Stretches for Swimming Warmup

Regularly stretching your muscles is beneficial. It feels good, and it helps keep you flexible. You have probably heard you should stretch before you go for a run, but did you know you should do the same before you jump in the pool for a swim? Swimming puts less stress on your joints than running and a lot of other on-land exercises, but it is still a physically demanding activity. Pushing your body directly into a hard workout increases the risk of injury, such as tearing of your muscle fibers. Stretching helps warm up your muscles, which increases range of motion. Just seven quick minutes of stretching before you swim help get your body properly warmed up for the laps ahead. Read More

Tips for Swimming Long Distance

Long-distance swimming is an intense and rewarding challenge. Some swimmers like to go the distance purely for exercise, while others are in it for a race. Whether you are looking to add miles to your workout or you are gearing up for the swimming portion of a triathlon, distance swimming takes preparation. As with any form of intense exercise, your muscles need time for training. You don't want to find yourself exhausted in the middle of a workout or a race. Learn how to swim long distances with tips on techniques for in and out of the water. Read More

How to Improve Your Swimming Breathing Technique

Breathing is an essential element of swimming. Some people believe that you should hold your breath while underwater, but what you should do is learn how to control your breath. As you practice the proper breathing techniques for swimming, you can improve your lung capacity and overall performance. Dive in and learn how to breathe while swimming. Read More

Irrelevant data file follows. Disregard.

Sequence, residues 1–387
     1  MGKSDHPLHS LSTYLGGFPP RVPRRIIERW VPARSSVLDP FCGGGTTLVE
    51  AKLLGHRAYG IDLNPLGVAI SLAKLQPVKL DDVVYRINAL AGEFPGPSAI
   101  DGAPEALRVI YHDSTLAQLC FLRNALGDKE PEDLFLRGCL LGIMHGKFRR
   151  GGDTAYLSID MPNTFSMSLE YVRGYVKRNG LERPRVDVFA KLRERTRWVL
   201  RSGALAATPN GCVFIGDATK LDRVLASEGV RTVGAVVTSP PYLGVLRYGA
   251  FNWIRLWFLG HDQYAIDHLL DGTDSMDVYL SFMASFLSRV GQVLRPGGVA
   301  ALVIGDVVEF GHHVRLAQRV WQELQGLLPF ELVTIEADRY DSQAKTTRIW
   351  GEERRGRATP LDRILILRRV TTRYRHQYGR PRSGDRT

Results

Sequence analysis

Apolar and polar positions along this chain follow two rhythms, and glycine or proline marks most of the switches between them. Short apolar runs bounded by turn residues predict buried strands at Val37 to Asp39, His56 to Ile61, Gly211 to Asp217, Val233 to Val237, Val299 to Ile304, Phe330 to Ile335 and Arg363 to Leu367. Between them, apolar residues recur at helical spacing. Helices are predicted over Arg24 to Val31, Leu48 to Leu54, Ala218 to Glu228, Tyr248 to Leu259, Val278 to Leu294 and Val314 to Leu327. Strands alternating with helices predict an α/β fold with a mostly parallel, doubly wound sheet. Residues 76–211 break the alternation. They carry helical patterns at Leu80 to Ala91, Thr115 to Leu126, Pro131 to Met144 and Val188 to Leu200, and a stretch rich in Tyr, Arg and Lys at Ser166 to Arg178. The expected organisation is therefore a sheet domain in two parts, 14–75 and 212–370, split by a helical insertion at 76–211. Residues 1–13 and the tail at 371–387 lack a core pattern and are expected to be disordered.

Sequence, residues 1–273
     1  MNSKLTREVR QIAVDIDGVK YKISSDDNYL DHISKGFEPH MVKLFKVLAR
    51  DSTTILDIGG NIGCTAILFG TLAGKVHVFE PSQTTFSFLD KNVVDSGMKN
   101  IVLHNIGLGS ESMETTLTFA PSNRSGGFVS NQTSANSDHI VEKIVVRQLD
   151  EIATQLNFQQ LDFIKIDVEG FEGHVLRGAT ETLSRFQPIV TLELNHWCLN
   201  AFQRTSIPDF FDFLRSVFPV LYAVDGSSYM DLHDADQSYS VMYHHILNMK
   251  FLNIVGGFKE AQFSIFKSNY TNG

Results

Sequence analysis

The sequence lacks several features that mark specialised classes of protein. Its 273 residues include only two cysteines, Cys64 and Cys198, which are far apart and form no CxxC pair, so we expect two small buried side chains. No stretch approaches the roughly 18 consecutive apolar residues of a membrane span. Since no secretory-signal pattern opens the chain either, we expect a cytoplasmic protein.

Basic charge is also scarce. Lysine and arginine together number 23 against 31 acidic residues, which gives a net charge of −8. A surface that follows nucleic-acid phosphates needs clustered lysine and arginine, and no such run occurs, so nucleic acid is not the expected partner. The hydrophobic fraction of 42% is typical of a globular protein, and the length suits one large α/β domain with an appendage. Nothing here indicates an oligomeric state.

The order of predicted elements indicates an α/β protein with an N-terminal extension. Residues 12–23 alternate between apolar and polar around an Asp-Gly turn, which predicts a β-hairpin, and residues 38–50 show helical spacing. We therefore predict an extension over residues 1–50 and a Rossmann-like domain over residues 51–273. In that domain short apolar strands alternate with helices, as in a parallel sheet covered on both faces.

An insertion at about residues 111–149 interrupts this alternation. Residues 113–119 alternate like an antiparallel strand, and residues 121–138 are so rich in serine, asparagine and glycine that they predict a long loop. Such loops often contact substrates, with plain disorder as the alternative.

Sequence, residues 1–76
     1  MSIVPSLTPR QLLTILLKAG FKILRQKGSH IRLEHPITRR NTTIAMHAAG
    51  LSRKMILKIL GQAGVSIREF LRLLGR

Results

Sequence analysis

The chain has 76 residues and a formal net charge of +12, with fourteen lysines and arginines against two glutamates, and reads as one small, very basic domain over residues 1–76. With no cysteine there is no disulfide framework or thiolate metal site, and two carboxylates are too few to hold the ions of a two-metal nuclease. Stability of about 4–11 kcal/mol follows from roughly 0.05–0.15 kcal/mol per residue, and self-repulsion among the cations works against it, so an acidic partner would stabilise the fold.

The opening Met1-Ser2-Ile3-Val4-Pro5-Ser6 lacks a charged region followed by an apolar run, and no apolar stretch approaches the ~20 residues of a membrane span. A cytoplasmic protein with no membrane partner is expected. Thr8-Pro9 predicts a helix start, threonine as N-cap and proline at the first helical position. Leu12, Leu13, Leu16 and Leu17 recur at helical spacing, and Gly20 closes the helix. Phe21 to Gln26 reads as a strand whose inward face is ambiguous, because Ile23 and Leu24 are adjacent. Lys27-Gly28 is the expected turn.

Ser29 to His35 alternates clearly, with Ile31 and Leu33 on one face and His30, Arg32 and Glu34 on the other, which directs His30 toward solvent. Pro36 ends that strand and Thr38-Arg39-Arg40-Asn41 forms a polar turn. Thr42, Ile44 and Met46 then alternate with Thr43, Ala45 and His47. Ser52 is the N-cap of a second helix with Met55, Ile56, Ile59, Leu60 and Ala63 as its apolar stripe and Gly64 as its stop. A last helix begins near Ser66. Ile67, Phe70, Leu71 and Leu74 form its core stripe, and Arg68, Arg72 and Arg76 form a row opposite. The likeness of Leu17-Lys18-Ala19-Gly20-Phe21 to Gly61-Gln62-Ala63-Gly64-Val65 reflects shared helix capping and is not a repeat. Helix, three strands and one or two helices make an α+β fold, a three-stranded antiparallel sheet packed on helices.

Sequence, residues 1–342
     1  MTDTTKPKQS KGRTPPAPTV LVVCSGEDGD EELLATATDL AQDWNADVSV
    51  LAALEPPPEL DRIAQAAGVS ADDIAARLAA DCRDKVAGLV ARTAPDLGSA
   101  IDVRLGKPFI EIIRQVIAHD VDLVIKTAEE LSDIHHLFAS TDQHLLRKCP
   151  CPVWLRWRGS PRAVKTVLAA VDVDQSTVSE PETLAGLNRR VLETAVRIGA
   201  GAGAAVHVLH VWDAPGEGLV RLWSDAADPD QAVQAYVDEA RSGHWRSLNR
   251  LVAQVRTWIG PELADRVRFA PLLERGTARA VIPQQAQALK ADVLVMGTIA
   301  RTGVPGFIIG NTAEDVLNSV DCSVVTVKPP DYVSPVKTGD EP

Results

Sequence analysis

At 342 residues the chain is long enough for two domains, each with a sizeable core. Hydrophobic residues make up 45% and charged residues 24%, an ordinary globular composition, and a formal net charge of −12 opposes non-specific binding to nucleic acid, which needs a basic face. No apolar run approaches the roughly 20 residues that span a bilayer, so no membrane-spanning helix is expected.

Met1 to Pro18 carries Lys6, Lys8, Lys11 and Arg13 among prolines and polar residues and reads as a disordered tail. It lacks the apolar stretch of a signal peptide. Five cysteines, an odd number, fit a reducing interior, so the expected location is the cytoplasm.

Benefits of Training with a Swim Snorkel

Swim training can take many different forms. At the most basic level, all you need is your swimsuit and a pool. But, swimmers have plenty of different tools that can up their training regimens. Swim snorkels can help you hone your technique as you prepare for a big race day or work on improving your times.  Read More

8 of the Best Training Aids for Swimming

Swim aids are special tools and equipment that are crafted to help you learn how to swim faster and more efficiently. Some training aids are designed specifically for children and novice swimmers, while others are developed for more professional uses. Investing in high-quality, durable training aids is one of the most helpful steps you can take when trying to challenge or grow your aquatic ability. Whether you are new to swimming, teaching somone else or training hard to perfect your skills, using training aids during your lessons can help you improve your skills, master techniques and keep you safe.  Read More

Dryland Workout

Try this dryland workout for your core, upper and lower body. Read More

Swimming Dryland Workout

This dryland workout includes light cardio, core, lower body and upper body exercises.  Read More